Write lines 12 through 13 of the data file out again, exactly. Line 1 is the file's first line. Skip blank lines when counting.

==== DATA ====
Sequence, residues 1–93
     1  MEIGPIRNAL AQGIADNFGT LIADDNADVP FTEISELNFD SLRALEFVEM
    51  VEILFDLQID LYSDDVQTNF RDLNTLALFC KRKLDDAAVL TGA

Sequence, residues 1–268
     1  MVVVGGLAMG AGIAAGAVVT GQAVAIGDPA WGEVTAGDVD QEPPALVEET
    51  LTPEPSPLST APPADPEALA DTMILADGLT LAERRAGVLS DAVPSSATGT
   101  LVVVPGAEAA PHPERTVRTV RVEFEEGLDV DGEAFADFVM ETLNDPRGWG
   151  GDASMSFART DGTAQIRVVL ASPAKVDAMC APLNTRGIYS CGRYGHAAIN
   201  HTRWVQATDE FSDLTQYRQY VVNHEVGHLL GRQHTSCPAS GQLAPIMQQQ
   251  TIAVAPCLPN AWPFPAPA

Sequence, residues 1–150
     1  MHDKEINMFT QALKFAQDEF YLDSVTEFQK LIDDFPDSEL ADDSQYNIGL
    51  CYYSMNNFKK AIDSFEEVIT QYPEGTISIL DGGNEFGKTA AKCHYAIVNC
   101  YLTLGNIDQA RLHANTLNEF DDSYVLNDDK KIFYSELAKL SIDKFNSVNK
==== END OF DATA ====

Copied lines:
     1  MHDKEINMFT QALKFAQDEF YLDSVTEFQK LIDDFPDSEL ADDSQYNIGL
    51  CYYSMNNFKK AIDSFEEVIT QYPEGTISIL DGGNEFGKTA AKCHYAIVNC